There are several obstacles to the Oklahoma wine "industry". #1 is Sally Kern, and her ilk. #2 is the monopoly regarding the distribution of wine in this state, a throwback to #1. #3 is something no one can do anything about, though they complain about it (re: Charles Dudley Warner, not Mark Twain) and that's the weather, specifically humidity, but also hail, ice, drenching rain, drought (which actually can help), tornadoes, and all those other fun things Oklahoma weather is known for. #4 is the soil... in some places it's too good, too well-drained and too rich; grapes hate that. Well, they don't but they get fat and tasteless and overproduce - like some people - and make "thin" wine. #5 is farmers' use of 2-4D... it once killed most of a vineyard of a winemaker I know in Texas.

The Oklahoma taste, like that of the South, is for sweeter, less "grown-up" wines. Which, despite my allegedly sophisticated palate, is also OK by me. A great Sonoma pinot noir or Napa cab blend makes me happy, but so does $6 Arkansas screw cap muscadine in a red Solo cup. It's easy to make a sweet wine by chaptalizing it, that is, adding some sugar, or not fermenting it as long and keeping sugar in it. Which makes it less dry and again that's OK by me, but not very pleasing to wine snobs. Or at least that's what they say. My sister is a wine snob; she works as the assistant winemaker at a California winery, but secretly admits she has a thing for Catawba wine from Indiana.
Good info.

As for me, hell, I'll drink the stuff out of the box if I'm desperate enough. No need for me fighting my Redneck heritage.

As for distilleries, the OP could have stopped by my uncle's house in Southern Oklahoma. My uncle has been making homemade wine for over sixty years. He kept it in a small cistern behind his fridge. No wine snobbery in my family.
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Old 08-05-2016, 05:34 AM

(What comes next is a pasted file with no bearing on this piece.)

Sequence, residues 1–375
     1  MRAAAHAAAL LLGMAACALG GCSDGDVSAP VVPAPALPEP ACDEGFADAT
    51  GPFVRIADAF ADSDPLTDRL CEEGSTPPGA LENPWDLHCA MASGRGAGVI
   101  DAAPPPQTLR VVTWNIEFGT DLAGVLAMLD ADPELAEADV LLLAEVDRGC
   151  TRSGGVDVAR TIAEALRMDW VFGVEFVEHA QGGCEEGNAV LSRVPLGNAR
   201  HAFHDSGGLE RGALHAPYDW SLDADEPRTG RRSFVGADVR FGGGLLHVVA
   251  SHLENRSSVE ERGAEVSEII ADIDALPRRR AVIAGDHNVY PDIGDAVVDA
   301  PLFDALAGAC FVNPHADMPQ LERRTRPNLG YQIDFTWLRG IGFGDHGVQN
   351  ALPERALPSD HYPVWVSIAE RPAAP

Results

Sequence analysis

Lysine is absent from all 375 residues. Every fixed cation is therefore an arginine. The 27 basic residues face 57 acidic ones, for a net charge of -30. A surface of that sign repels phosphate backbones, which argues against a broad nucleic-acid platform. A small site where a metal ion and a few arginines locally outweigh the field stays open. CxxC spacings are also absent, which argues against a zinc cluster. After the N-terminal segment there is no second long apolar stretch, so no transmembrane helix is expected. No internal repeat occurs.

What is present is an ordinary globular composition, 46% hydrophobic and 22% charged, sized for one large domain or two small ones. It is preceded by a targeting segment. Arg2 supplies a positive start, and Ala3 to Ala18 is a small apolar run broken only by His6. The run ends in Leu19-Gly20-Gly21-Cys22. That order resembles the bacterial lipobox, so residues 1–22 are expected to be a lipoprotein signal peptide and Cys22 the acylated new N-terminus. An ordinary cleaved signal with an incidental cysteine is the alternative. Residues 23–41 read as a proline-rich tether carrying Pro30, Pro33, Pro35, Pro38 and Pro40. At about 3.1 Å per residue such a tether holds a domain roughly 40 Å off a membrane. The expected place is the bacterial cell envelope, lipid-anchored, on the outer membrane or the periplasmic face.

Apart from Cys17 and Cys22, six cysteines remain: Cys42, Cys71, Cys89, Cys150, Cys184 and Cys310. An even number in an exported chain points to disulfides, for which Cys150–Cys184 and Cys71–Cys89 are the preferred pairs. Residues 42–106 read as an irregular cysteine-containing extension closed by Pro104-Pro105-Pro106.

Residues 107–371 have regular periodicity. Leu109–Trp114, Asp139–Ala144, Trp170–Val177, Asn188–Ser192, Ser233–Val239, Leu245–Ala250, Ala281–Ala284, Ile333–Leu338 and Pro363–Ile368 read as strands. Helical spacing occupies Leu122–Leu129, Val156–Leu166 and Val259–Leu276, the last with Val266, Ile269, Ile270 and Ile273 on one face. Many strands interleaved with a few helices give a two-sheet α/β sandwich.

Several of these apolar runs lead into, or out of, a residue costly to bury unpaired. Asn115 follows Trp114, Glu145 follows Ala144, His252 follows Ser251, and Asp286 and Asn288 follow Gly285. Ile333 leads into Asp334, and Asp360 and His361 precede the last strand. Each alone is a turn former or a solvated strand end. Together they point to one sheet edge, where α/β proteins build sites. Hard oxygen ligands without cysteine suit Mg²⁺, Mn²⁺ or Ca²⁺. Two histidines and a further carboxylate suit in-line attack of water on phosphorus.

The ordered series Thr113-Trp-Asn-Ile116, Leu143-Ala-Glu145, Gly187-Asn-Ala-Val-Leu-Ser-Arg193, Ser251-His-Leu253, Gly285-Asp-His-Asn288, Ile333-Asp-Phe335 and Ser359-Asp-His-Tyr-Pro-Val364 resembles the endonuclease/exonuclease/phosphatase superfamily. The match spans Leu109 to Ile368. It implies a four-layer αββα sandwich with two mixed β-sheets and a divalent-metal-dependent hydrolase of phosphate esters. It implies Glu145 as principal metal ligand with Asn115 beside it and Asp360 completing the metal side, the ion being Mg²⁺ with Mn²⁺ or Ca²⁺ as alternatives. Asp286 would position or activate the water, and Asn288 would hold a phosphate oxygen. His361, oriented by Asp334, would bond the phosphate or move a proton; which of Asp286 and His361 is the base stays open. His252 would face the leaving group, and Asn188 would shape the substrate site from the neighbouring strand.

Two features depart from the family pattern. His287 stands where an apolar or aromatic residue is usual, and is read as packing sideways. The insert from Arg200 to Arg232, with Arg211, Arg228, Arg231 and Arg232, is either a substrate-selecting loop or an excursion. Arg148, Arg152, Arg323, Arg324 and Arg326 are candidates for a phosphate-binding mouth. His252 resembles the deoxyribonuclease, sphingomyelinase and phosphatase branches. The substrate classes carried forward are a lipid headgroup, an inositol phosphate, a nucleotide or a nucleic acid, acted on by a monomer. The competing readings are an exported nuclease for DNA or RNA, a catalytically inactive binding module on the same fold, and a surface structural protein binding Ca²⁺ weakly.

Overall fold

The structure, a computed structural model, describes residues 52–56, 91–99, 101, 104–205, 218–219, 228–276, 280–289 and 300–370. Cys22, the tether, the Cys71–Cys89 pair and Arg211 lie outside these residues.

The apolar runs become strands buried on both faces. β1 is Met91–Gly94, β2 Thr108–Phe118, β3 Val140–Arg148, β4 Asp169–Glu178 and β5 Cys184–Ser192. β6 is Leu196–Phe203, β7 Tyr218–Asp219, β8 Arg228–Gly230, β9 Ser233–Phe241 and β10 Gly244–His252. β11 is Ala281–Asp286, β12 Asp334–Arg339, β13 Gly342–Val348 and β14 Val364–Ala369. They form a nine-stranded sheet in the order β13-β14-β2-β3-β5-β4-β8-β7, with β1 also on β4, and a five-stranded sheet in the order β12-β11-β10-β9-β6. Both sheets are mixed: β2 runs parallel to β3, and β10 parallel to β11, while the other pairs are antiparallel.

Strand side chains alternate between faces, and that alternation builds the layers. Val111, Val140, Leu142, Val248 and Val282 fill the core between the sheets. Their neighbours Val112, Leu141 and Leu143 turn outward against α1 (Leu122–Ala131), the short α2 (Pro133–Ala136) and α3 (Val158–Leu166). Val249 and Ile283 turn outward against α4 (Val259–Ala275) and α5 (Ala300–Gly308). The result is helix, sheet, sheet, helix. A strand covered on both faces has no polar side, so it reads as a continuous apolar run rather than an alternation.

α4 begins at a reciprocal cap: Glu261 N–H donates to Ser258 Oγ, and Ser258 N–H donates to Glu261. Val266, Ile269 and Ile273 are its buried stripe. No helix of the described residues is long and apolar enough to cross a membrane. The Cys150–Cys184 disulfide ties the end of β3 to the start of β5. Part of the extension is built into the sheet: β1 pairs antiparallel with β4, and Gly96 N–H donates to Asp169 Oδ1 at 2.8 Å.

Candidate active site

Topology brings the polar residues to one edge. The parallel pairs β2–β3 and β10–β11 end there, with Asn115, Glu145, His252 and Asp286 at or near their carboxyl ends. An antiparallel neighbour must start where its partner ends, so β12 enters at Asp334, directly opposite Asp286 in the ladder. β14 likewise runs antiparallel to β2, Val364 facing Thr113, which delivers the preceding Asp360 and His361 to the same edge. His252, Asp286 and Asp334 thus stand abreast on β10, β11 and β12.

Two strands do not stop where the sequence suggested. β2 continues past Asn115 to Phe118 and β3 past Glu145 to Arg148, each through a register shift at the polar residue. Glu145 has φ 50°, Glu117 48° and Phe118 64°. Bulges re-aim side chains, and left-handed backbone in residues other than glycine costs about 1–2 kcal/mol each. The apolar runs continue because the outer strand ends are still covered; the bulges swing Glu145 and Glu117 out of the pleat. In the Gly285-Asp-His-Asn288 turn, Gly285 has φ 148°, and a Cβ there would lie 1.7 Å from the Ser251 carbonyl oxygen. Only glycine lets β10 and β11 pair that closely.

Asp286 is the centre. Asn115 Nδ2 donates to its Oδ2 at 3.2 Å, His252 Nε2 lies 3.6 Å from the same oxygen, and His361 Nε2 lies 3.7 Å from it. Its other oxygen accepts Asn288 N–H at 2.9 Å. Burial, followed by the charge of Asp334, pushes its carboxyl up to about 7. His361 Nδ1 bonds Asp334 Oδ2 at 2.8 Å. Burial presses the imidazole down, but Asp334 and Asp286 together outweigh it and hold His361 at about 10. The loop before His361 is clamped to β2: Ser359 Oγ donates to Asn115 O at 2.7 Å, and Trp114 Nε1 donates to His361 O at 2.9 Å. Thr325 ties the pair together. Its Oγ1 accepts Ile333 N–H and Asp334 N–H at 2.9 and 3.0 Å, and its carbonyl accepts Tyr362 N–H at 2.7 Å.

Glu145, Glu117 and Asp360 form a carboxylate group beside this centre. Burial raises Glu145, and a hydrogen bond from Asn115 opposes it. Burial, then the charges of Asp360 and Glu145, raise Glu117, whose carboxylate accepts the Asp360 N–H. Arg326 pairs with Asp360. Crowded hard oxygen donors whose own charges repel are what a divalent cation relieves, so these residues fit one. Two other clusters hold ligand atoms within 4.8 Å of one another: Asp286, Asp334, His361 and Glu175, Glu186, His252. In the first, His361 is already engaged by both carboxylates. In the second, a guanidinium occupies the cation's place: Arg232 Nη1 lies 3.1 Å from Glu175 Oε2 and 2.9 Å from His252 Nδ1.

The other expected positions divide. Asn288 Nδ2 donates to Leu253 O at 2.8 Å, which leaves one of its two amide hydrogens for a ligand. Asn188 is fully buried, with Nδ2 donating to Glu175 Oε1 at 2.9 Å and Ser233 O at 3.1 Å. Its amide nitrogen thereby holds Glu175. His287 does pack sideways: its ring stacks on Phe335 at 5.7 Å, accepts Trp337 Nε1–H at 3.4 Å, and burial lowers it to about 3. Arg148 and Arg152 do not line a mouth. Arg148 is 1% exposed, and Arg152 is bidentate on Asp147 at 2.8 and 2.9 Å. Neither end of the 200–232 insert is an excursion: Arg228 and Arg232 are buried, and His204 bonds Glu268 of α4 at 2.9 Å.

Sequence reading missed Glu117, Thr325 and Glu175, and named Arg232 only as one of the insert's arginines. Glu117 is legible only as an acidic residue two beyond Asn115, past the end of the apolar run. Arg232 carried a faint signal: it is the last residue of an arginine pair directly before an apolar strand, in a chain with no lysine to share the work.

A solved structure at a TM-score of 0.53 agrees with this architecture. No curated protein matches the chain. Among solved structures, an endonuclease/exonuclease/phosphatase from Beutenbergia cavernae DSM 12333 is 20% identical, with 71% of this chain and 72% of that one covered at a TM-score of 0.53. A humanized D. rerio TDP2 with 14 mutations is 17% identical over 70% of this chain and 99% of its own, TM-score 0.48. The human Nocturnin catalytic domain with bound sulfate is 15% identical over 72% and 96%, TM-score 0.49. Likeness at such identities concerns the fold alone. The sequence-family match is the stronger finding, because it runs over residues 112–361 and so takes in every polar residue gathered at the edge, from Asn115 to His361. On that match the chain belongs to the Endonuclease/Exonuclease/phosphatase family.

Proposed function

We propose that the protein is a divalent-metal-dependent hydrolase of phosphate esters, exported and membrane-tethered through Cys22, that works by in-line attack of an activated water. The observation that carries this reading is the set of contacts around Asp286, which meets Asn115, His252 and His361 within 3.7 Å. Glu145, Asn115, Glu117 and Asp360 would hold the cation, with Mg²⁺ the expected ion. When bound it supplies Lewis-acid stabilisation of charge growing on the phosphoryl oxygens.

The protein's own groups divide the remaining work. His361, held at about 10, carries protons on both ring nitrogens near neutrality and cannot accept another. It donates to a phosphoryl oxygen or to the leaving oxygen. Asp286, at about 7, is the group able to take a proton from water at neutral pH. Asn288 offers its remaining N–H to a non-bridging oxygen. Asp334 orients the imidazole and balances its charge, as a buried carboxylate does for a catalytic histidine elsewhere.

Location: SW OK (AZ Native)
18,132 posts, read 8,151,880 times
Reputation: 7673
Quote:
Originally Posted by Bass&Catfish2008 View Post
Good info.

As for me, hell, I'll drink the stuff out of the box if I'm desperate enough. No need for me fighting my Redneck heritage.

As for distilleries, the OP could have stopped by my uncle's house in Southern Oklahoma. My uncle has been making homemade wine for over sixty years. He kept it in a small cistern behind his fridge. No wine snobbery in my family.
One of the differences between the mega-wineries of the West Coast and upstate NY and the Okie wineries (and to a lesser extent the smaller Texas wineries), or for that matter the Oklahoma breweries and distilleries, is the person pouring the wine (in the case of a tasting room) was likely the same one who made it. Very roots-driven production, and I like that.
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Old 08-05-2016, 03:46 PM
 
1,501 posts, read 1,165,134 times
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There's plenty of distilleries in eastern, OK. Just go up in the mountains and ask the local about distilleries. They call them "stills" for short. Should make for a interesting trip.
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Old 08-05-2016, 04:05 PM
 
657 posts, read 531,867 times
Reputation: 944
There are some distilleries scattered around the southeastern Oklahoma mountains, but I don't think visitors would be welcomed.

http://www.nationalvietnamveteransfo...statistics.htm